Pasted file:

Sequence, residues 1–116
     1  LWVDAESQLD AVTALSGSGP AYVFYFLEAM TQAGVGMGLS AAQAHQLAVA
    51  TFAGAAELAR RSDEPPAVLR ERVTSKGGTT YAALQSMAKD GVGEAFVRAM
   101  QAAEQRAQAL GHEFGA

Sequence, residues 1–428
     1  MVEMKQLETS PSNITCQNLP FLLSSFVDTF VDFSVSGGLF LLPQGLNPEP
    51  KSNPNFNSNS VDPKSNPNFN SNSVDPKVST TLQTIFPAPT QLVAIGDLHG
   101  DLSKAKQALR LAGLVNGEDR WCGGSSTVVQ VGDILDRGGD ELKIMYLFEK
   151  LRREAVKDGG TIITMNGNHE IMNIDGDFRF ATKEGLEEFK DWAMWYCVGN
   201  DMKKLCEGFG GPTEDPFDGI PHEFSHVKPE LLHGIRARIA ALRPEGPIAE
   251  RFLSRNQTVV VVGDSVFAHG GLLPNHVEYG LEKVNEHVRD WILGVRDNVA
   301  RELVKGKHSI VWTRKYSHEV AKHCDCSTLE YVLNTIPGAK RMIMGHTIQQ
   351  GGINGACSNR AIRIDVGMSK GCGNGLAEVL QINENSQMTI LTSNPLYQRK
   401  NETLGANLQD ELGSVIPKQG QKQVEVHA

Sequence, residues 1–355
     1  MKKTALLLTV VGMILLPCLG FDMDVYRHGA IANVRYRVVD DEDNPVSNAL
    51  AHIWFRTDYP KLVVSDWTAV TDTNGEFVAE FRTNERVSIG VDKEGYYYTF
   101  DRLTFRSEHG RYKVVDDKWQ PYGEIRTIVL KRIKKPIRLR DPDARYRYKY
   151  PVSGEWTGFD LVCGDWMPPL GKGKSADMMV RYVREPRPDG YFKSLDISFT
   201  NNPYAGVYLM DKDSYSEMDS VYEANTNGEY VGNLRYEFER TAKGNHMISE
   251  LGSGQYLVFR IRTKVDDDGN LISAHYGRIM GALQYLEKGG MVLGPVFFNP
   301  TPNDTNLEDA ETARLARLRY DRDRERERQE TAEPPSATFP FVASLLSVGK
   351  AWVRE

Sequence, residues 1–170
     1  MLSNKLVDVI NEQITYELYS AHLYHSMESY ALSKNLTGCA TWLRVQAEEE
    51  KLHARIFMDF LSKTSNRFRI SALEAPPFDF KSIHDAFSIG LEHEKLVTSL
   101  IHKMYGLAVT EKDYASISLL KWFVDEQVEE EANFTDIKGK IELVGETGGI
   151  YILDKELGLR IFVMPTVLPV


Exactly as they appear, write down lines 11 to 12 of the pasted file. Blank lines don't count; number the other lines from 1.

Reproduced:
   251  RFLSRNQTVV VVGDSVFAHG GLLPNHVEYG LEKVNEHVRD WILGVRDNVA
   301  RELVKGKHSI VWTRKYSHEV AKHCDCSTLE YVLNTIPGAK RMIMGHTIQQ